Finally, overflow incontinence can often be determined through abdominal and vaginal examinations. Bladder distention may be easily palpated abdominally or vaginally. Evaluation of general pelvic anatomy should also occur.


A urinalysis is performed to exclude hematuria, pyuria, glucosuria, or proteinuria. Hematuria, defined as more than three red blood cells per high-power field on urinalysis with a negative urine culture,9 warrants further workup with cytology, upper tract imaging, and bladder cystoscopy. Urine cytologic studies should also be performed in patients with gross or persistent microhematuria, risk factors for bladder cancer, or irritative symptoms.9 A urine culture is necessary to exclude a UTI in patients with pyuria or irritative symptoms, including urge and urge incontinence.5 Blood urea nitrogen (BUN) and creatinine levels should be obtained if compromised renal function is suspected, especially with overflow incontinence. If polyuria is suspected, serum glucose and calcium tests are also recommended.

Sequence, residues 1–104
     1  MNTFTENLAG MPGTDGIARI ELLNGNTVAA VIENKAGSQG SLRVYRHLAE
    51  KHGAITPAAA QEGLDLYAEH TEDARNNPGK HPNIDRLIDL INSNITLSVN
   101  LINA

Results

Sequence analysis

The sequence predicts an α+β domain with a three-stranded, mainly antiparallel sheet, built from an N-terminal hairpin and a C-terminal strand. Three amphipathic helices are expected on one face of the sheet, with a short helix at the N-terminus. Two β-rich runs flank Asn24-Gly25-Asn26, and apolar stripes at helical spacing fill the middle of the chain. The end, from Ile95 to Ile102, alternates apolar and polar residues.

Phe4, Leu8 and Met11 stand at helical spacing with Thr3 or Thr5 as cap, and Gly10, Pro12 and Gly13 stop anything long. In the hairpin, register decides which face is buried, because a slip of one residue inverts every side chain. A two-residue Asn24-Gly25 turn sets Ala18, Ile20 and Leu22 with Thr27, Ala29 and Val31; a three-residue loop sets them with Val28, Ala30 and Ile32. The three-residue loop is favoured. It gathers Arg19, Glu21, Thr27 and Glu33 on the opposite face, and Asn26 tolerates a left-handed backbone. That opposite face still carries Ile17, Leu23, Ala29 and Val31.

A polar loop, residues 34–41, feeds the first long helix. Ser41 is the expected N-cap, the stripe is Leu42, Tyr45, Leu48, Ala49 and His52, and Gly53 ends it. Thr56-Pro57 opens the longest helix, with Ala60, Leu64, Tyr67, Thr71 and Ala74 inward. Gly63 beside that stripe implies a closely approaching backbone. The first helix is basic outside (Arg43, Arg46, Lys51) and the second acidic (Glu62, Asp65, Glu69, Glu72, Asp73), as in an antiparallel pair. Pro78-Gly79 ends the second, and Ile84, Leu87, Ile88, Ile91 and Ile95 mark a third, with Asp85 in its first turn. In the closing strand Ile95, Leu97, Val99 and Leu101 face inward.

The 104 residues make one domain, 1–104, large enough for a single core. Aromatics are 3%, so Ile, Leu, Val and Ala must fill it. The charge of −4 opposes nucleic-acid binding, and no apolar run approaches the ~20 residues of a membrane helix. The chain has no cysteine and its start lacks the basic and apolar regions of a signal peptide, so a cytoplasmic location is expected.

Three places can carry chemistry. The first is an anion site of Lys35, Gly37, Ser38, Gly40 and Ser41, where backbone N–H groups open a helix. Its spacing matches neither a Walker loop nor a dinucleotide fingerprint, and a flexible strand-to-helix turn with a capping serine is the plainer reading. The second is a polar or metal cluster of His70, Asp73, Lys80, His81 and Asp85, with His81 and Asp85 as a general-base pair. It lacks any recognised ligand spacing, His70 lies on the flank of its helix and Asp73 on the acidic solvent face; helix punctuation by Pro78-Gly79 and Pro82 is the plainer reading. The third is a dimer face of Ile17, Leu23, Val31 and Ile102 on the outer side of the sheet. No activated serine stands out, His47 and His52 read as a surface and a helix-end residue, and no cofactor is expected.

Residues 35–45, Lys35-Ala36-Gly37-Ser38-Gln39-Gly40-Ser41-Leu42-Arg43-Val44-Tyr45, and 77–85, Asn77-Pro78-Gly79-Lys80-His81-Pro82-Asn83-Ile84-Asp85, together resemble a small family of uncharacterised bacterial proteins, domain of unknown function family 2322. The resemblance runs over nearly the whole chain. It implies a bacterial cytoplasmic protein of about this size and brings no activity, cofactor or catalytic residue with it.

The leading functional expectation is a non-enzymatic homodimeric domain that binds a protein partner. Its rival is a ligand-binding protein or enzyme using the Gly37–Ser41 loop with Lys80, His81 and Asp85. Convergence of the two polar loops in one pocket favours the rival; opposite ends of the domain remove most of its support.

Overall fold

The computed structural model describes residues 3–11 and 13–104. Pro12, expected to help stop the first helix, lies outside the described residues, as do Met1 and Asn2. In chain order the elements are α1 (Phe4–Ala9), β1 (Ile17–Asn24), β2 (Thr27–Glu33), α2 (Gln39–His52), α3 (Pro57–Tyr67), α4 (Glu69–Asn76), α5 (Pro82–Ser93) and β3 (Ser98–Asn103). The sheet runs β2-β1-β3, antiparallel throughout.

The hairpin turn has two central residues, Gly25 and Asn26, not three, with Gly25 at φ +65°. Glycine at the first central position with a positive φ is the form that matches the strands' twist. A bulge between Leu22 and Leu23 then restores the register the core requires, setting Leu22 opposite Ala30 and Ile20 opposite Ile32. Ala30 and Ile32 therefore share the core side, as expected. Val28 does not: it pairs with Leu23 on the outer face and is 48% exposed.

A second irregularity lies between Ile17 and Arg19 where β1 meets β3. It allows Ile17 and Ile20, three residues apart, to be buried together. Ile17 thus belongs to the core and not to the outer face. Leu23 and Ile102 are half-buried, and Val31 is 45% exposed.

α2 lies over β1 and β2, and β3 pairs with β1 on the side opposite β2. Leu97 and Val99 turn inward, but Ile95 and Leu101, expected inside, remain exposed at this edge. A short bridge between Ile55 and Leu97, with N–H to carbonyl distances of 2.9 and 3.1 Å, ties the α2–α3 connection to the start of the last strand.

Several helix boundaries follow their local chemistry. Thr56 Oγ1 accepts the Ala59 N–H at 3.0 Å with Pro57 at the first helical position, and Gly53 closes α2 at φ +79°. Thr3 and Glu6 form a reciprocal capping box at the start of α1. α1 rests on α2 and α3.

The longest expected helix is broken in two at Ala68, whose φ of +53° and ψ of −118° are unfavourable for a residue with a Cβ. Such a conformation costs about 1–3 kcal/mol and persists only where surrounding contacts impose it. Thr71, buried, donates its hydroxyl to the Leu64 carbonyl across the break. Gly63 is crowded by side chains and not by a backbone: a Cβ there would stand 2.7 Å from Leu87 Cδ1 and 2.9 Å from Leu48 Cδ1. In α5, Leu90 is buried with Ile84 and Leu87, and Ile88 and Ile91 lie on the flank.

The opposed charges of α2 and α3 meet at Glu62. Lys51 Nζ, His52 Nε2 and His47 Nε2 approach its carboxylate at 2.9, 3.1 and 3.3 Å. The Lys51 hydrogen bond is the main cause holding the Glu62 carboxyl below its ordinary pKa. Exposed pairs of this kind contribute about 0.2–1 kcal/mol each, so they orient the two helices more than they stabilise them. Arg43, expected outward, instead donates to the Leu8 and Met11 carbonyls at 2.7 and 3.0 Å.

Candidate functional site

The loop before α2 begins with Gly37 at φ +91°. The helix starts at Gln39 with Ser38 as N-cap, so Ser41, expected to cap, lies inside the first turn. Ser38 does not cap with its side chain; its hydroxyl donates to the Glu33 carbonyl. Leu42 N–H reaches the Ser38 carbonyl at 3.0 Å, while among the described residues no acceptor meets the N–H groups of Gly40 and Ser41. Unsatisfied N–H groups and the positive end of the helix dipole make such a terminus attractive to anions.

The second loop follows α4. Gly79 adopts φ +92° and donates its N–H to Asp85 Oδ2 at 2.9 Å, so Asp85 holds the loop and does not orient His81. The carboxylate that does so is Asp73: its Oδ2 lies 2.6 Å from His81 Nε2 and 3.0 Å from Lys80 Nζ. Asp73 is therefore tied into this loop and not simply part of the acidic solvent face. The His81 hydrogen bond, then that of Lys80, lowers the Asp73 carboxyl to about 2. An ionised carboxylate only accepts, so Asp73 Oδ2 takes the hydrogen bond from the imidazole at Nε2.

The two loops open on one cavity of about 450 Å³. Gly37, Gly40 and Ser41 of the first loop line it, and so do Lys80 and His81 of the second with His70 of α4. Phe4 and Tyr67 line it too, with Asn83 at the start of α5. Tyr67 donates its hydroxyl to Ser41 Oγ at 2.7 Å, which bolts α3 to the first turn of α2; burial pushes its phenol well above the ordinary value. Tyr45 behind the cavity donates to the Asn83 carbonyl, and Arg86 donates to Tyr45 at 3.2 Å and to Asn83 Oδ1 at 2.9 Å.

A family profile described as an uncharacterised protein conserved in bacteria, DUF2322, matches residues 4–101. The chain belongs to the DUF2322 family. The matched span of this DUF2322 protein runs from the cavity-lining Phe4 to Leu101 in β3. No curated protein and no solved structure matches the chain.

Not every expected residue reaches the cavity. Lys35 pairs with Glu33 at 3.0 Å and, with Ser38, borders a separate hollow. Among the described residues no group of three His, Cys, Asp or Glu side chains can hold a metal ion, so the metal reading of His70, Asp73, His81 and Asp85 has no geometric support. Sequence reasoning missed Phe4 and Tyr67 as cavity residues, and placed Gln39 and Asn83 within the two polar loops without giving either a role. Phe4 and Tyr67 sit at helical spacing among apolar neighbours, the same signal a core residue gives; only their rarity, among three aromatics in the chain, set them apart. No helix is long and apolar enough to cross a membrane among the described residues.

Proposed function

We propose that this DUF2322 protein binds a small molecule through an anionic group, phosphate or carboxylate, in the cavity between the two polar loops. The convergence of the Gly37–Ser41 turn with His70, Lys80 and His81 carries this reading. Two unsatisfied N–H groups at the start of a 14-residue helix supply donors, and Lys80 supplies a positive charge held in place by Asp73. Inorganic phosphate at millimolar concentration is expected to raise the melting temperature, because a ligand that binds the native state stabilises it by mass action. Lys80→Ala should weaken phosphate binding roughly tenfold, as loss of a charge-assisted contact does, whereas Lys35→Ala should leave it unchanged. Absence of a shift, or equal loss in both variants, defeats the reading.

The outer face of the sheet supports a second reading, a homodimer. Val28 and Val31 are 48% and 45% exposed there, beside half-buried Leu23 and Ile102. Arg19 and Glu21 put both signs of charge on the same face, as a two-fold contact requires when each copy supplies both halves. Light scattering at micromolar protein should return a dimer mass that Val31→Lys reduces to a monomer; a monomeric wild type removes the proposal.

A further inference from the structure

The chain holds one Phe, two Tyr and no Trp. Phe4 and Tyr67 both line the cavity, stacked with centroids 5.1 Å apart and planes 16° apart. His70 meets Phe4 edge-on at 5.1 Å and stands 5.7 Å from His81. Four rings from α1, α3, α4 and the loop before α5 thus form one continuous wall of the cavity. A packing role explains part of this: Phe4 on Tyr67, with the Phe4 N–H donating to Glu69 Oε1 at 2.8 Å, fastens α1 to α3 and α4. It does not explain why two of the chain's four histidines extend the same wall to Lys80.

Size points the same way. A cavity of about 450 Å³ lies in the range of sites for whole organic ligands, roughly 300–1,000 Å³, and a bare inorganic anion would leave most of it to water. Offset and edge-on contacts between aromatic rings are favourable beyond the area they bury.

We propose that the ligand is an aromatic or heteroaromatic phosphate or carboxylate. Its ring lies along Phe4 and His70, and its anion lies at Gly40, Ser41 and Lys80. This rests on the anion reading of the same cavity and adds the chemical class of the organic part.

A postvoid residual (PVR) is helpful to exclude incomplete emptying and can be obtained through either pelvic ultrasound or catheterization.5 In general, a PVR of less than 50 mL is considered normal, whereas residuals of more than 100 mL are considered abnormal and require further evaluation.10

Additional testing is usually not needed for the basic evaluation of urinary incontinence unless onset is sudden, symptoms are severe, or suprapubic pain or hematuria is present. The patient should be referred to a urologist if further diagnostic testing (e.g., cystoscopy, urodynamics) is necessary or if the diagnosis is uncertain.5 The health care provider should refer the patient if an effective care plan cannot be devised, if hematuria is present without infection, if surgical intervention is being considered, or if therapy has failed.

Oct 12, 2016 | Posted by in CRITICAL CARE | Comments Off on Incontinence